As guests, we tried out Airbnb for a late-summer jaunt to upstate New York to try something more informal, cozier and hopefully cheaper than a Holiday Inn or Hilton. It worked out.
We stayed one night in a wonderful farmhouse of a couple whose kids have left for college ($85 per night for a large room and our own bathroom). Another night was in a cabin on an old family chicken farm ($125 per night for a cabin that sleeps four). A Holiday Inn in the same area runs $100 to $150 per night for two people, and you probably wouldn’t share wine and travel stories with other guests in the lobby while a little old dog scurries around your feet.
Airbnb’s commercial transaction removed a level of uncertainty from our trip, but it added a layer of formality and distance that didn’t exist with Couchsurfing. Take the simple act of sharing a drink with your host or guest. One of our Airbnb hosts politely demurred, while our Couchsurfing guests were usually game for a beer or three. But just try inviting the hotel concierge up to your room for a glass of wine and see what happens.
Which site to go with depends on what you want out of an experience. Both, and others such as the long-running vrbo.com (Vacation Rentals by Owner), offer an alternative to traditional hotels and a chance to dive into life as a local. In San Francisco, where Airbnb is based, the company recently launched “local lounges,” established coffee shops where Airbnb guests can stop in to get a welcome and a travel guide.
On Airbnb, the focus is on the accommodation. The best listings will have plenty of photos and reviews from other users. Couchsurfing profiles, meanwhile, read more like dating sites (though the rules bar using the site as such) or a place to find random new friends. You add photos and other users as friends. You can flesh out your profile to include musical tastes and life philosophy (my husband “would much rather try something stupid, dangerous or bad for me than risk feeling regret over missing out on something at the end of the line.” I married the right man).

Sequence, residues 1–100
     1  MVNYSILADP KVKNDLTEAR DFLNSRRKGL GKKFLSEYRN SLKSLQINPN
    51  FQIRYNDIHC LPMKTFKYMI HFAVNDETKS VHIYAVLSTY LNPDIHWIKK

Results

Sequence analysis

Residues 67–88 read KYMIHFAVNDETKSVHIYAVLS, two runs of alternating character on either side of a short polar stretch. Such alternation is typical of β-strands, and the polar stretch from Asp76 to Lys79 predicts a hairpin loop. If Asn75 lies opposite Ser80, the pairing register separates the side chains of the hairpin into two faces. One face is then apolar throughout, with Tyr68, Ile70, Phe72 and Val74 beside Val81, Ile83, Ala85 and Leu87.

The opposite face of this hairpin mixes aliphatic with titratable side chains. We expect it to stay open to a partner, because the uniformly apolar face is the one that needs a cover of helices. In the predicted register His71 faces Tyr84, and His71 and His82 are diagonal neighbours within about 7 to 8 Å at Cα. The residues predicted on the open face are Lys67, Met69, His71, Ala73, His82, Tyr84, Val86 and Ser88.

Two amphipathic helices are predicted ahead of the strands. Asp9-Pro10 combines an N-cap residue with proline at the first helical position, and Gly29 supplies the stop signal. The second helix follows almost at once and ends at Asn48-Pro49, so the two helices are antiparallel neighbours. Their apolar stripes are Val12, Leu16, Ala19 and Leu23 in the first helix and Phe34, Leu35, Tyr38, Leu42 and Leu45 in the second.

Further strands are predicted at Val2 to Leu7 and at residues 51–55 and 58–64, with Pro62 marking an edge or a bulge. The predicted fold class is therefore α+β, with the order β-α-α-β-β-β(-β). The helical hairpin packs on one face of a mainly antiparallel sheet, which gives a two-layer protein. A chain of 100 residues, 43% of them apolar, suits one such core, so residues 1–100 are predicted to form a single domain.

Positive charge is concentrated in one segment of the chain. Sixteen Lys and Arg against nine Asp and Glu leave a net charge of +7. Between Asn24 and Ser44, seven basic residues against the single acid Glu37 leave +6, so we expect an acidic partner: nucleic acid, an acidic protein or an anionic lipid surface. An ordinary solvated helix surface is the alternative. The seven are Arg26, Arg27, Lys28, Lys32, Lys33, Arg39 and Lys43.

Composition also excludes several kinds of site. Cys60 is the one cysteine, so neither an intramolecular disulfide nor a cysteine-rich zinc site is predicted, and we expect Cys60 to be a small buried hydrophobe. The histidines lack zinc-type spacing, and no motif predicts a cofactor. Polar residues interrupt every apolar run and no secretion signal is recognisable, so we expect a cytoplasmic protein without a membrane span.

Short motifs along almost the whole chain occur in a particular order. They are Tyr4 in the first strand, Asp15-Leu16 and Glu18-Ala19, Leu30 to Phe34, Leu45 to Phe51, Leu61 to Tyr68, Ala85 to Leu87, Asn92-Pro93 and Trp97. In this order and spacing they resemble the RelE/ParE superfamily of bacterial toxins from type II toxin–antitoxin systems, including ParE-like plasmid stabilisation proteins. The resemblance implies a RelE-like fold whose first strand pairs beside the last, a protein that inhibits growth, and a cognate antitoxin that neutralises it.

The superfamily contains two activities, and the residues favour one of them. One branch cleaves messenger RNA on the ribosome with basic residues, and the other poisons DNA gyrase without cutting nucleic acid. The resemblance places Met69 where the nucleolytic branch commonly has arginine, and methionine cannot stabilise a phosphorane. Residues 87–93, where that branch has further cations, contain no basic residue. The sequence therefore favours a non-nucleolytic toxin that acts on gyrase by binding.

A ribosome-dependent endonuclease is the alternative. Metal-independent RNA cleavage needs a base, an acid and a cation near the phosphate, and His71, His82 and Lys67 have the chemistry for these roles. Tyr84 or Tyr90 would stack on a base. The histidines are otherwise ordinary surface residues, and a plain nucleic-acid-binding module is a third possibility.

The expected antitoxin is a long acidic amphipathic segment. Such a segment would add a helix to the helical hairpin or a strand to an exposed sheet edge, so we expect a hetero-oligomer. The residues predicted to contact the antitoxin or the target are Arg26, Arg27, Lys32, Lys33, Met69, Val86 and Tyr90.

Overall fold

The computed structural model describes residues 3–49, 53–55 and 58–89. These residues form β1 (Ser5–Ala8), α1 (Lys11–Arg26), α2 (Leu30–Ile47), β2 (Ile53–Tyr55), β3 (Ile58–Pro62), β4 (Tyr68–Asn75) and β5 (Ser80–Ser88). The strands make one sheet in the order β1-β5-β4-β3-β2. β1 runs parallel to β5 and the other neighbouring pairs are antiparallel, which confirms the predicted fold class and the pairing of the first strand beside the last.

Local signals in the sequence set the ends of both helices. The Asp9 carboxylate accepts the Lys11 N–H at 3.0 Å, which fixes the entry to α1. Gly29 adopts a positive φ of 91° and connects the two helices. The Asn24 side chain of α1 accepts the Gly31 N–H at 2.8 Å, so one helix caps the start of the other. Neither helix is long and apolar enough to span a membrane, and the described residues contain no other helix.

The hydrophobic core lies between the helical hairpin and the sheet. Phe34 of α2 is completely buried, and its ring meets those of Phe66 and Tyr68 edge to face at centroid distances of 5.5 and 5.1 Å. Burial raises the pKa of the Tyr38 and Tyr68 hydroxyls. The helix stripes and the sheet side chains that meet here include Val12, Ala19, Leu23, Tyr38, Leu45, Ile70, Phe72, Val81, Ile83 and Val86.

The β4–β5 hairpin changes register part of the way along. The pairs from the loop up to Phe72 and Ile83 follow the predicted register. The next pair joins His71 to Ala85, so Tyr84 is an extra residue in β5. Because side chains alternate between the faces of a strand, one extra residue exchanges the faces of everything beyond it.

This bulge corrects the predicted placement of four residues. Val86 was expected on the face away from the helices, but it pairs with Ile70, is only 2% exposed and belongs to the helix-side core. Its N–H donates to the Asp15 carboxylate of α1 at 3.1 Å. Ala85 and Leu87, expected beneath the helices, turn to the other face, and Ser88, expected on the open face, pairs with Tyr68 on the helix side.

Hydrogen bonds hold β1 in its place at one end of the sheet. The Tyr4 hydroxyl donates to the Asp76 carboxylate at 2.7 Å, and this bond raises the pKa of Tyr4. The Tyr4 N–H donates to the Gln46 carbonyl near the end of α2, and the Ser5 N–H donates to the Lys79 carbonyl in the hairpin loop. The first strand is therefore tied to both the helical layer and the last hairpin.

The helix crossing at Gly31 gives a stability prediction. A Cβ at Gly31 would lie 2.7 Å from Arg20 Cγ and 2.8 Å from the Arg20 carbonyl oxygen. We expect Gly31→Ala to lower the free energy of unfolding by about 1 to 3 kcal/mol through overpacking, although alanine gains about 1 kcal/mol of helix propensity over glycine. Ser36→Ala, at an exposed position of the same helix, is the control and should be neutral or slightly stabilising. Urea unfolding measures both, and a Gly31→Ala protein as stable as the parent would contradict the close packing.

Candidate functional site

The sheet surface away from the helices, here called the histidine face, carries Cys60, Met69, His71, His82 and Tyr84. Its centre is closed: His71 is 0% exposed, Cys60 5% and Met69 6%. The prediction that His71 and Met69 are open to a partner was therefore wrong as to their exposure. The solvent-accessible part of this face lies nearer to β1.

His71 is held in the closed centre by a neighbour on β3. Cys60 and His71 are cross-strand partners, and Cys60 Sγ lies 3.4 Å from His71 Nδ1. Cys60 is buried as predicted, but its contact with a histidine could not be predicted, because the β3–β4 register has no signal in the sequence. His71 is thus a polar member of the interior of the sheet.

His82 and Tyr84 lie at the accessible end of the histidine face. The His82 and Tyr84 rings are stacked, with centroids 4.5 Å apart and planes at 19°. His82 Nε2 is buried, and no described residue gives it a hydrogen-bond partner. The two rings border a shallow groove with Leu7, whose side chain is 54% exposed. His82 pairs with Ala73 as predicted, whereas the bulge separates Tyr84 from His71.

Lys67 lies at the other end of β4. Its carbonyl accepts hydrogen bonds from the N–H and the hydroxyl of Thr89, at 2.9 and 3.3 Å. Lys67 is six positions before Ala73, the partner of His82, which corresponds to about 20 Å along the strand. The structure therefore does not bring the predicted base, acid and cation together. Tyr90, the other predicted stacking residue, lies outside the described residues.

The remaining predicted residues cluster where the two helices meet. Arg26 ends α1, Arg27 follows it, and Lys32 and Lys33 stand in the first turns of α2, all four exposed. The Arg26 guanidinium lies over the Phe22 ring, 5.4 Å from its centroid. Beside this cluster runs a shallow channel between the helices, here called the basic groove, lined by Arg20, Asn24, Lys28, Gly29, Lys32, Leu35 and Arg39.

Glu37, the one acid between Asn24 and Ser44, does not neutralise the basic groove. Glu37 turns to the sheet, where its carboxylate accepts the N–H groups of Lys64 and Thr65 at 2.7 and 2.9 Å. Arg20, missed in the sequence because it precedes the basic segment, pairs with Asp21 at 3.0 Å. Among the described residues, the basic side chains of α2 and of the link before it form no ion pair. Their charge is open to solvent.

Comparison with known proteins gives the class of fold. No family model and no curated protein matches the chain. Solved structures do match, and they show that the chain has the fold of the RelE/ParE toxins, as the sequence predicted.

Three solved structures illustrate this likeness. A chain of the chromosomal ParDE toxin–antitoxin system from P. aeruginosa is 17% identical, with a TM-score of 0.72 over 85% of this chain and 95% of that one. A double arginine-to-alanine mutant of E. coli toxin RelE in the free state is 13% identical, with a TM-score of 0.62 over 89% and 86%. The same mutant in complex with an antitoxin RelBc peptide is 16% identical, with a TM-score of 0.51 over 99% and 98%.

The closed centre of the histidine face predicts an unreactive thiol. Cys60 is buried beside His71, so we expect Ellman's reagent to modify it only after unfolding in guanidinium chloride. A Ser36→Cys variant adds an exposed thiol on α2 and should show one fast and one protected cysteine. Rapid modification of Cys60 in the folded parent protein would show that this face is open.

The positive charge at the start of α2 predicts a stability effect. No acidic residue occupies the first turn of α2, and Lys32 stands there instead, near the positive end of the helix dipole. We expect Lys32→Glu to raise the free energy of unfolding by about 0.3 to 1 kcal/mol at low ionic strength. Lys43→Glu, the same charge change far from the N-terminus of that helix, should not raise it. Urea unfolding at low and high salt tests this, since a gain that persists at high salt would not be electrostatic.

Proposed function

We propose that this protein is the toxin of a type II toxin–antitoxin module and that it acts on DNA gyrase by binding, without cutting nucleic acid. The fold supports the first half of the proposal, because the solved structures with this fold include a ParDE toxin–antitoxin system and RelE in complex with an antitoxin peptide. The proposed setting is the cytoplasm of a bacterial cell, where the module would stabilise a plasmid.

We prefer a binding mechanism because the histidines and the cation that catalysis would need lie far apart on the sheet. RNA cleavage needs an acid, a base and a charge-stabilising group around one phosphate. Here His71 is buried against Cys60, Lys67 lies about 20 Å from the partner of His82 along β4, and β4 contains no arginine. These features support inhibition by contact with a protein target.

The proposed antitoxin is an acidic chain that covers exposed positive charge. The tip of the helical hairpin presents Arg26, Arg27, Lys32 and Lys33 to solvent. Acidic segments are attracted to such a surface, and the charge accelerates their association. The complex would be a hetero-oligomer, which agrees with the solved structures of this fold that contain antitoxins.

Since there are no commercial transactions on Couchsurfing, the site uses other ways to verify that people are who they say they are. Paying $25 will match the name you put on the site with the name you use with your bank. If you do that, you’ll get the words “identity checked” next to your profile. Couchsurfing then mails a postcard with a special code to the address you provided. Once you enter the code on the website, you are “verified.” We were more likely to accept verified guests, though it wasn’t a requirement.
I also connected my Facebook account with my Airbnb and Couchsurfing profiles and checked out the Facebook pages of potential hosts and guests. We even used some interest-based filters to vet potential Couchsurfing guests. For example, having been to the annual Burning Man event in Nevada will likely get you in our door, while other hosts might automatically disqualify you for that.
The more you use the sites, the more friends and reviews you get from other users, which further serves to ensure trust. It’s a bit like eBay, and how your cred improves the more transactions you do and do well.
The rest comes down to gut feelings. We made it clear to potential guests that we live in a small apartment and that they’d be sleeping on our fold-out futon in a living room with no doors, possibly with one or two cats on top of them. On weekends, we stroll around the city to explore new and old sights, scenes and tastes.
If that’s not your cup of tea, the Hilton in Times Square might be a better bet. I won’t forgo hotels now that I’ve tried out Couchsurfing and Airbnb, but it’s good to know the options are out there. It certainly makes travel — and staying home— more interesting.